Table 2 shows, among various investment ways, that the lowest interest rate is 0.35% per year for savings. Second to this is time deposit with the interest rate of 2.75% per year. The third one is stock average yield of Shanghai market which is 7.76% per year. The fourth one is company profit rate which is 8.10% per year. The highest rate is wealth investment product (Yi Long Huo company: one of those involved in shadow banking) which is 18.00% per year. The reason why investment yields from Wealth-Management Products is higher than those of other yields is because the developers can increase the price of properties freely after they developed them. Developers issue Wealth-Management Products in cooperation with banks or financial companies.

Figure 6. Repo Trend: 2013. Source: PBC.

Table 2. Various financial instruments yield/year comparison: as of Nov. 2014.

Source: Yi Long Huo (investment firm), China Statistical Yearbook, PCB.

3.3. Local Government

The roles of the local government are to expropriate farmland from farmers, giving them little compensation, under the “China Land Management Act”, and afterwards sell them to developers with high sales gains. Through this transaction the farmland turns from a property having no value into gold. It is like “alchemy”. In China, land price is composed of four categories, namely residential land price, commercial land price, industrial land price, and comprehensive land price. It should be noted however that farmland has no price legally. Therefore, the local government can take the land from farmers without paying them. When they sell the land to developers, it is not sold as farmland anymore. It changes to residential or commercial land or others with high price. Basically, the local government purchases the land for free, and then sells it to a trading partner at a high price. Through such course, developers can get land capital to make money for their business. It can be said that the local government plays as the agent of developers, because developers cannot buy the farmland from farmers directly.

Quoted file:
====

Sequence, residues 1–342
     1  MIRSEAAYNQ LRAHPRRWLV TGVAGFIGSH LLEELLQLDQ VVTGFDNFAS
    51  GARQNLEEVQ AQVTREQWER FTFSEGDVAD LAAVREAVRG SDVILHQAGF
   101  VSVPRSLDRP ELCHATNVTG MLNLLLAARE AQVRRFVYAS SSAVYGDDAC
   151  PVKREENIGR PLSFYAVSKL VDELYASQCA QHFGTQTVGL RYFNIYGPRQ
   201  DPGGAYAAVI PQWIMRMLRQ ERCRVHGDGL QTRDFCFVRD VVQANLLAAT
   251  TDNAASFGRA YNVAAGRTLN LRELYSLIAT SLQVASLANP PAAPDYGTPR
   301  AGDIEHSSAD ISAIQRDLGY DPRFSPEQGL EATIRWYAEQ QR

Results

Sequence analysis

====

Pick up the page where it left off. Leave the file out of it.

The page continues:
3.4. Shadow Banking

The definition of the so-called shadow banking in China includes 1) Small non-banking groups, 2) Agencies for housing loan, 3) Local lending platforms, 4) Some of state-owned enterprises, 5) Some black billionaires, 6) Normal banking feigning as non-banking, and 7) Developers (see Table 3). According to “China monetary policy report” (Chinese Academy of Social Sciences Institute for Monetary Studies, May 11, 2014), the amount of loan transacted through shadow banking was 40% of GDP in 2013. It means that China has 22 Trillion 753.8 Billion Yuan (US $3612 Billion) of shadow banking loan (IMF estimated 25% of GDP, 14trillion Yuan in May 2014 (Global Financial Stabilit Y Report: Risk Taking, Liquidit Y, and Shadow Banking―Curbing Excess While Promoting Growth, Oct. 2014).

The substance of the shadow banking mentioned above is as follows:

Player 1) Small non-banking: for instance, pawn shops lending to individuals for down payment for housing loan and small consumer loans. They are real estate bubble players and financial bubble players.

Player 2) Agencies for housing loan: small private agencies looking for non-qualified personnel of mortgage borrowing some lenders-. They are real estate bubble players.

Player 3) Local government’s lending platform (Sun, 2013) : one of the organizations in the local government which demands investment of high-interest rate from surplus funds from the money market. Those who are under this are financial bubble players.

Player 4) Some of state-owned real estate enterprises: the enterprises which demand investment of high-in- terest rate from surplus funds in the money market. They are financial bubble players.

Player 5) Some black billionaires (Identity is unknown for super-rich people): the unidentified rich people who seek a high-interest rate investment. They are financial bubble players.